Dear friend, Three Reasons Why I Don’t Want to Come to Your House

It seemed a friendship was on the cards for these two mums – until one of them asked the other over!

Confused? Don’t be. Here’s why I don’t want you to come to my place…

We were taking our first tentative steps into friendship, you and I. A shy wave and smile at the school gate. Simultaneous Facebook friend requests. A shared eye-roll of pained parental solidarity during the 9-minute recorder solo at the school concert. It was all going so swimmingly well…until you extended your olive branch a little too far over my side of the friendship fence…

Truth be told of that olive branch? I hastily lopped it off. Your spontaneous, smile-laden ‘you should come to my place’ sent me scrambling for excuses.

  • Feigning smallpox.
  • Applying for rental properties in Antarctica.
  • Confused by the sudden frosty reception?

Don’t be. Here’s why I don’t want to come to your place.

1. I’m going to have to cook something

I’ve brushed up on the rules of inter-parental fraternisation. Rule number 1 is a doozy: Always bring a plate. Preferably a delicious and decadent home baked delicacy. And therein lies my dilemma.

I’m the proud owner of a nocturnal, bed-hopping toddler. I’m too sleep-deprived to be trusted with anything hot, pointy or hazardous right now. If I nearly took out my own eye doing up a blunt bra this morning, imagine the damage I could do with a food processor, lemon, and a spatula. Who knows what could end up in the dish when the pantry’s bare, save for a secret stash of jelly babies, Costco bulk-buy baked beans and a misplaced breast pad yearning for its mate. That said, given all the beans on toast we’ve been eating of late, you might not want what I’ve been cooking.

2. You’re not ready for my kids

It’s not your fault that I’m judging the book by the cover. You’re immaculately dressed. Not a hair out of place. It makes sense that your home’s like that too: a pristine place of peace and relaxation. You probably have uber-cool music playing, exquisitely scented candles and embossed toilet paper.

The last thing you want is my kids stampeding wildly through your sanctuary and leaving smears of goodness-knows-what on your Whatnot. Believe me, I’m trying to spare you from my own hellish reality of plastic tablecloths, baby wipe clean-ups and a can of Glen 20 in every room. Believe me, when I say no, I’m actually doing you a favour and saving you the cost of fumigation. You’ll thank me for it later.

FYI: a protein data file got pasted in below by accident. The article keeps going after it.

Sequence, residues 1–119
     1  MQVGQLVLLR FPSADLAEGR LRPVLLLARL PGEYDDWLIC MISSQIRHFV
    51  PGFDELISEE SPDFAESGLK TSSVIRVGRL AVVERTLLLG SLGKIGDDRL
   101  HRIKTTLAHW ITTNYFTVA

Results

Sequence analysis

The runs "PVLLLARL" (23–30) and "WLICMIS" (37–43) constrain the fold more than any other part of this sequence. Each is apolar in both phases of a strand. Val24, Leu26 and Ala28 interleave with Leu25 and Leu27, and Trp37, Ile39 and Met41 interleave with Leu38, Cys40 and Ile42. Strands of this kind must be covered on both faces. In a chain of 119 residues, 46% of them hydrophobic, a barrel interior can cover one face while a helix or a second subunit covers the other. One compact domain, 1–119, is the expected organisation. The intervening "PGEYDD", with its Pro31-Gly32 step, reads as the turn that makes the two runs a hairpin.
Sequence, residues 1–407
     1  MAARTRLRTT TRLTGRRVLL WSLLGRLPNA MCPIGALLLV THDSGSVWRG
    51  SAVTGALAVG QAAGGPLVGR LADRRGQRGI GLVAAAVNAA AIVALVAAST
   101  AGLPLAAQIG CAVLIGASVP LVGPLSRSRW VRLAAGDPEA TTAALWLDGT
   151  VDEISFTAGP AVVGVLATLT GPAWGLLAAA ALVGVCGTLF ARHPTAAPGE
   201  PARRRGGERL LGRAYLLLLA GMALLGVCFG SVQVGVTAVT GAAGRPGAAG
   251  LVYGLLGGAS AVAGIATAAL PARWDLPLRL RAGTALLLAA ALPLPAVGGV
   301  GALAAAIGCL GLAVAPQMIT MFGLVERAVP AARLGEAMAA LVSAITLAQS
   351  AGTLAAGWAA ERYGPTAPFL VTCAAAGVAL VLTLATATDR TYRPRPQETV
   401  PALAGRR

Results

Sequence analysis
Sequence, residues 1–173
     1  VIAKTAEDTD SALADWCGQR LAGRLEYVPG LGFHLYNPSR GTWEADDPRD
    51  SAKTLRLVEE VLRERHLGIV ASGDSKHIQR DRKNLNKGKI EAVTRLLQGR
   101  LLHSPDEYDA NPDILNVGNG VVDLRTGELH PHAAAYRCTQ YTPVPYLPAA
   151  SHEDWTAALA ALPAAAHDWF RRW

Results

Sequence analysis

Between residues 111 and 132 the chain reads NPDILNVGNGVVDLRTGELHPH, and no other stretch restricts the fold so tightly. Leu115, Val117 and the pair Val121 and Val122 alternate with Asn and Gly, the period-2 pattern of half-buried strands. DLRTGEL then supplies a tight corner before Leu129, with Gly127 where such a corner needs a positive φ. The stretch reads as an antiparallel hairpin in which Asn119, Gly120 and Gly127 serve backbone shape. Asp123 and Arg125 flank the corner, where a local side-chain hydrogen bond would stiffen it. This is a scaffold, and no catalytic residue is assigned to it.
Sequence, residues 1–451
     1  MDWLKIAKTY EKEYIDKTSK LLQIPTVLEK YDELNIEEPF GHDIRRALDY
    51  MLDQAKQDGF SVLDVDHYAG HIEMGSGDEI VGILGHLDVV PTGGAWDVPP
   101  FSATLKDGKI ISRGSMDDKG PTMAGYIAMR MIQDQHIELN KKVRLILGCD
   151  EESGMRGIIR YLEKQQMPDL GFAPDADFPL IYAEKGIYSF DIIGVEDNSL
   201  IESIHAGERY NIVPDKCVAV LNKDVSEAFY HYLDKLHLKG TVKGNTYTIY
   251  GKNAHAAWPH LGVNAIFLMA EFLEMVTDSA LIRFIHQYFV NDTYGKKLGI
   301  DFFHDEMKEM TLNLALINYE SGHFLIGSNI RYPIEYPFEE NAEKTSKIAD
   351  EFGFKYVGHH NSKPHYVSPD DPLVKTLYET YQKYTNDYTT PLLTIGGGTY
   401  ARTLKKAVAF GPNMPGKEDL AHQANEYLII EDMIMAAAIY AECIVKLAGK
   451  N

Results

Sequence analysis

3. Your place isn’t sufficiently child-proofed

Let’s face it. Unless I can only gain access to your cleaning cupboard by dressing like a ninja and abseiling through a network of crisscrossed laser beams then Houston, we have a problem. I’m simply not going to be able to relax at your place without jumping up every five seconds to call the roll and count fingers.

I’m going to be in a heightened state of hyper vigilance, trying to ensure my kids aren’t teaching your kids how to make explosive devices from your cleaning products. Sad to say it, but If your place isn’t a padded, padlocked penitentiary then I’m going to have to poo-poo your invitation to sip tea and make polite conversation. You’ve got to understand that I’m a woman on the edge.

In the meantime, let’s stick to takeaway coffees and a smuggled hip flask of wine while the kids run amok in the local playground. Bottoms up!

Psssst. If home playdates are on you radar, make sure to read our previous article about where to go to find a whole bunch of mum friends

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KIM DAVIES is a forty-something latecomer to parenthood who’s haphazardly wrangling a husband, two daughters and career as a criminal lawyer. When she’s not fighting the good fight against injustice she’s picking up dirty undies and toenail clippings from the bathroom floor and spending her ‘me time’ putting pen to paper in the dead of night.

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